Problems with different types of traditional infrastructure networks
The digital infrastructure required to support modern business activities and service provision can be intensive to implement and operate – high speed internet, computing power, file storage and IoT are all central to many industries today. Many existing infrastructure systems are centralized, exposing systems to potential challenges including:
Cost: Digital infrastructure such as broadband internet can be costly to implement and maintain. “Last mile” connections—the portion of an infrastructure network that physically reaches the customer’s location—may not generate enough revenue for internet service providers to invest in building them. This holds true not just in rural areas, but also in major cities like New York.
Risk: Centralized data transmission and storage (e.g. the cloud network) can present vulnerabilities to attacks by hackers.
Size and scale: Some industries (e.g. video production) require large amounts of computing power, which is costly. This capital intensity can marginalize smaller operators, preventing them from developing.
What can decentralized infrastructure offer that’s different?
Companies and users are beginning to create on-chain infrastructure networks using Web3 tools. To make this possible, a community of individual participants can form a large decentralized network by running specialized devices from their homes or businesses. These devices enable participants to provide services (e.g. internet connectivity or data collection from sensors), governed by and compensated for by transactions recorded on the blockchain. For an example, see our explainer on Helium, which uses blockchain and tokenomics to encourage people to own and install hotspot devices, join the Helium network, and offer network auditability and proof of coverage.
Beneficiaries of decentralized networks can wirelessly connect to the internet or to smaller networks without the direct use of satellite location hardware or cellular plans. Other computing uses—such as new models to track and incentivize the distribution of server storage or computing capacity—are also becoming possible as this technology evolves.
Advocates assert that blockchain-enabled tooling can help to address issues of access, cost, and security. Emerging on-chain networks seek to decentralize the sharing, storing, and transmission of data and provision of other web services by removing intermediaries.
How It Works
To support the efficient development of networks at scale, many decentralized infrastructure projects go to market offering hardware paired with Web3 tooling. Infrastructure in the form of connected devices is sold, rented, or provided free of charge to individuals, who operate and maintain network devices.
Networks can achieve scale using Web3 tooling and tokenomic design to incentivize adoption and maintenance of network devices by:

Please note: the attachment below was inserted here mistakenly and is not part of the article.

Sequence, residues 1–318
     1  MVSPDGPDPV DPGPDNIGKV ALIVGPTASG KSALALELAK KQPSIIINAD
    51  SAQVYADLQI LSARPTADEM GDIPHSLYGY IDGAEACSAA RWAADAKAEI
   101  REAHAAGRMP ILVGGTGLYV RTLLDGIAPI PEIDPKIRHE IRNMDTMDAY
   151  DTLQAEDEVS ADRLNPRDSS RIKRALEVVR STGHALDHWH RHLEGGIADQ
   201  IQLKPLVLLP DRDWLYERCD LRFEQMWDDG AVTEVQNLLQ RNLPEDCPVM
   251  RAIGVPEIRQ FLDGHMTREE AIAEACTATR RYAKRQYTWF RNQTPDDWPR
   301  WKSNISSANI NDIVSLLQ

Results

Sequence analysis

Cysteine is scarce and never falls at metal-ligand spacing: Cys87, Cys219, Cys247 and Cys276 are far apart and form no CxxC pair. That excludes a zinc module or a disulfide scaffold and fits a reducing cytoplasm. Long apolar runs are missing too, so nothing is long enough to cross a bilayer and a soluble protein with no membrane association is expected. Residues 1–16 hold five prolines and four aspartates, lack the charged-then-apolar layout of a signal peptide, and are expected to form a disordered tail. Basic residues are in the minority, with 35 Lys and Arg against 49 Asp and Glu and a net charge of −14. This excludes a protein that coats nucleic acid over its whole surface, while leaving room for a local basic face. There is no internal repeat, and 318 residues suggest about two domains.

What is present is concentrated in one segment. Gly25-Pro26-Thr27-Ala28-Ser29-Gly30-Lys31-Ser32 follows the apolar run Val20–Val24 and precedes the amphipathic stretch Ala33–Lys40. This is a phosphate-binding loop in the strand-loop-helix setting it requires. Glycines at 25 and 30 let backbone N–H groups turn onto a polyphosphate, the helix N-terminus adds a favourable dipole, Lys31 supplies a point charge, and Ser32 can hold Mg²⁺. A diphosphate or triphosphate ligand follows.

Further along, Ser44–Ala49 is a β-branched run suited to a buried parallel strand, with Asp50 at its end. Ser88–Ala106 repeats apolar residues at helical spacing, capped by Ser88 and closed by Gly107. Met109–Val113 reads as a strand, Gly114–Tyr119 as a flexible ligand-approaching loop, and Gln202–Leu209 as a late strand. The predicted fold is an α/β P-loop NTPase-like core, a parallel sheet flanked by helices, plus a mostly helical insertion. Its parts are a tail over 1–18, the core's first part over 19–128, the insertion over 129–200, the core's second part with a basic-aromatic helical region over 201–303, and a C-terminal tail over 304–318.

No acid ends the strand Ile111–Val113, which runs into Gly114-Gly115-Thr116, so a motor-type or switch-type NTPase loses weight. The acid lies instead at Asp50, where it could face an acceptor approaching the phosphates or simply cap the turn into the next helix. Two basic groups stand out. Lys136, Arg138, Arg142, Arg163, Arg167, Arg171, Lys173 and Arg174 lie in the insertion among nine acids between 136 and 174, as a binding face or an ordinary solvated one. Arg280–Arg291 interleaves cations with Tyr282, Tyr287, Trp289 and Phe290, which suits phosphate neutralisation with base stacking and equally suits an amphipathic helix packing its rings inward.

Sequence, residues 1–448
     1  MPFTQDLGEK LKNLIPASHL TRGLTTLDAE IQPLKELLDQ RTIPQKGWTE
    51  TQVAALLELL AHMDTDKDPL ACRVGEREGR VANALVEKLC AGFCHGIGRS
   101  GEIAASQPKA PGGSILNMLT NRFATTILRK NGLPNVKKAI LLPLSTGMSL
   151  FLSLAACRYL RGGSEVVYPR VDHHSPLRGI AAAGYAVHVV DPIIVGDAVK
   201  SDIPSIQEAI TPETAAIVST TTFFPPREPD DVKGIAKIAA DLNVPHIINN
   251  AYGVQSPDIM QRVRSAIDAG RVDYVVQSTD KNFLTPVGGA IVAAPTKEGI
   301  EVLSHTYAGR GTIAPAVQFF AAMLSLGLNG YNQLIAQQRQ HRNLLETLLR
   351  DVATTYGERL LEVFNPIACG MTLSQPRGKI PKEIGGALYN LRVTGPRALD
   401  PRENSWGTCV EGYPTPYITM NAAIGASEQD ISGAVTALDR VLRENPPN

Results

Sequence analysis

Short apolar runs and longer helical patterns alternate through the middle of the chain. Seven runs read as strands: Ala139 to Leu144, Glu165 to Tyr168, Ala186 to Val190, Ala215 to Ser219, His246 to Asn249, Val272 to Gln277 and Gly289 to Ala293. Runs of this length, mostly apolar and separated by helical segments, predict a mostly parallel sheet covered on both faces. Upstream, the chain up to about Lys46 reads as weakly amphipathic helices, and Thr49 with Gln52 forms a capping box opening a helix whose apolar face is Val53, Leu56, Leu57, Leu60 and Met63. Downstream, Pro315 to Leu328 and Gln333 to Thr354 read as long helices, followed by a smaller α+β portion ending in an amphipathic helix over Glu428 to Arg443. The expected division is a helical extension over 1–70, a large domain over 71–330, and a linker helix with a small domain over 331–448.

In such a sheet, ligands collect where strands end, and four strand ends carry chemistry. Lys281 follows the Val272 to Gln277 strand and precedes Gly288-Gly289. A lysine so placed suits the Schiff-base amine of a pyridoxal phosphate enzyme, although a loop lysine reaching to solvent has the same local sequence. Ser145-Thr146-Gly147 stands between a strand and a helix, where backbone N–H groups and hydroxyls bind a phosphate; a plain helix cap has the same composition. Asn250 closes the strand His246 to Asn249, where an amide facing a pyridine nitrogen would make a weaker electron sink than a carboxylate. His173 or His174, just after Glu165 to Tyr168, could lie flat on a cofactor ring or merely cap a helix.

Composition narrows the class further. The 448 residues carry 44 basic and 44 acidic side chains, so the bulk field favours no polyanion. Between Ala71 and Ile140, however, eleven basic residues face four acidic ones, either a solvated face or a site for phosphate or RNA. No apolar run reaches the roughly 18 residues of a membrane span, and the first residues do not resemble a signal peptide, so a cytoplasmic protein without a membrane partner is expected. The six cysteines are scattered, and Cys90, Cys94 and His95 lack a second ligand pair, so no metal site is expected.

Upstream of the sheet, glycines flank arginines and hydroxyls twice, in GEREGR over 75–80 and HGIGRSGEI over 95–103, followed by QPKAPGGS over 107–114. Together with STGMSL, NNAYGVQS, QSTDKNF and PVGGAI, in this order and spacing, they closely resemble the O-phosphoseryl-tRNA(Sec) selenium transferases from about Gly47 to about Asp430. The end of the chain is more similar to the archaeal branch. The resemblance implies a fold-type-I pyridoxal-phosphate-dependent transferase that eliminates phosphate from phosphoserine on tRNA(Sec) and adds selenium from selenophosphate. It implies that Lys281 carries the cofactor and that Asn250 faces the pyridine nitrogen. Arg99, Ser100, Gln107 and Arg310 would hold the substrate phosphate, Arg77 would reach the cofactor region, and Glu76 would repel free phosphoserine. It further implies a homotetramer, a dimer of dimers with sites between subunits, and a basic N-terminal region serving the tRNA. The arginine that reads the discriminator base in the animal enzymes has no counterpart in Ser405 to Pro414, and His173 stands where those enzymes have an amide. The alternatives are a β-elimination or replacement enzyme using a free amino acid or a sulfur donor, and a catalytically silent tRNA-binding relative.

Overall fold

Compensating people who provide network coverage with tokens.
Compensating people who verify that those who claim to be network coverage providers are actually providing coverage.
Tracking coverage providers, network users, and fees so that network providers, coverage verifiers, customers, and general audience can verify that everything is working.
What’s next for this space?
Many decentralized infrastructure projects currently serve enterprise clients (particularly IoT, sensor networks, and computing support). However, decentralized network projects may also lower barriers to acquiring and deploying wireless infrastructure for a broader base of users. It is possible that cost savings could be reinvested to expand network coverage at a faster rate, creating indirect benefits for network users through the ability to search for jobs, work remotely, sell goods, promote their rural businesses to wider audiences.
To realize the full potential upside of such interventions, policymakers and industry operators should keep the following in mind:
Internet connectivity is a critical infrastructure concern, particularly in the U.S. which has some of the highest internet costs in the world. Policymakers have the opportunity to explore IoT networks as low-cost alternatives to traditional internet services.
Decentralization isn’t an affront to existing industry. Legacy network providers are increasingly interested in expanding last-mile coverage via partnership with decentralized operators.
Net neutrality may be critical to the success of decentralized networks to help ensure that providers do not block network access. With decentralized infrastructure, IoT hotspot providers rely on wireless service they must acquire themselves.
Network managers need to consider how to make their tokenized structure design sustainable, versus allocating most benefits to early adopters which can slow network adoption.